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A Randomized Controlled Trial of Intranasal Oxytocin as an Adjunct to Behavioral Therapy for Autism Spectrum Disorder

Descriptive Note:

Technical Report,30 Sep 2012,29 Sep 2017

Corporate Author:

Massachusetts General Hospital Boston United States

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The aim of this study was to conduct a double-blind, placebo controlled trial to examine the feasibility and efficacy of cognitive behavioral therapy CBT for young men with autism spectrum disorder. In addition, the study examined whether oxytocin administration prior to CBT sessions can enhance treatment effects. To examine these questions, we recruited 57 male participants ages 18-40 years with a primary diagnosis of autism spectrum disorder. Participants were randomized to receive 12 weeks of individualized social skills training, with or without oxytocin augmentation, or a 12-week stress management intervention plus placebo drug. Participants were assessed at baseline and every 4 weeks during treatment, as well as at post-treatment by an evaluator who was blind to treatment condition. Assessments included clinician-, self-, and parent reports of autism spectrum disorder symptoms, anxiety, depression, social skills, and overall functioning. In addition, we performed functional fMRI and structural MRI imaging with participants prior to treatment, to examine whether neuroimaging measures of brain function and structure can predict CBT treatment responsiveness.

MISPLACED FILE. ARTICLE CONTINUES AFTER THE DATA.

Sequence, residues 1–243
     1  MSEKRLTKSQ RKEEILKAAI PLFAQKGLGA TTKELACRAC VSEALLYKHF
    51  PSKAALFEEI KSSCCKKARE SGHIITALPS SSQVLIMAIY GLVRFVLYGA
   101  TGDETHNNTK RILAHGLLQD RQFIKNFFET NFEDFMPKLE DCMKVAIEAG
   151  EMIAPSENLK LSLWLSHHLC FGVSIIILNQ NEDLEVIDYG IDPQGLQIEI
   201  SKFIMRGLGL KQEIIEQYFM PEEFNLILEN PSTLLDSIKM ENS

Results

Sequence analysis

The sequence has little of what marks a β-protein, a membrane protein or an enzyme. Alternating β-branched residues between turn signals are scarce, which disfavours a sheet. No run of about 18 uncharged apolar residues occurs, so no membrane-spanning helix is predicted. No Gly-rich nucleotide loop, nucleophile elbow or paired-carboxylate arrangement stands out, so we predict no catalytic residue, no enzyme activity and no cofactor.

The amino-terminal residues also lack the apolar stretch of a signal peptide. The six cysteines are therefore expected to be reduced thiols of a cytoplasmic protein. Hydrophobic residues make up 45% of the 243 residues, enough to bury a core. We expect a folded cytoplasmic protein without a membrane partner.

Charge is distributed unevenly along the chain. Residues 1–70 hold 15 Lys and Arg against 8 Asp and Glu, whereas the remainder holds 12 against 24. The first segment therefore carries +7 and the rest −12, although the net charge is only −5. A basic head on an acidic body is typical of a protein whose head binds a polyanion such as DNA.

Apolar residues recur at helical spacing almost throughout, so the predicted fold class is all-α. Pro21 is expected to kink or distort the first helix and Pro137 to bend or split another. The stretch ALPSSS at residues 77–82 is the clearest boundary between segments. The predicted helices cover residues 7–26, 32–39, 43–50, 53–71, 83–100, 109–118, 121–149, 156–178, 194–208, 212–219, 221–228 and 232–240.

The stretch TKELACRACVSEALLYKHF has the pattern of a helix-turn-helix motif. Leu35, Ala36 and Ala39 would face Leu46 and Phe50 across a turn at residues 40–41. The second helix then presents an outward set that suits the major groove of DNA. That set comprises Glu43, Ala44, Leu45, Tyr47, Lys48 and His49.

Subject Categories:

  • Medicine and Medical Research
  • Pharmacology
  • Psychology

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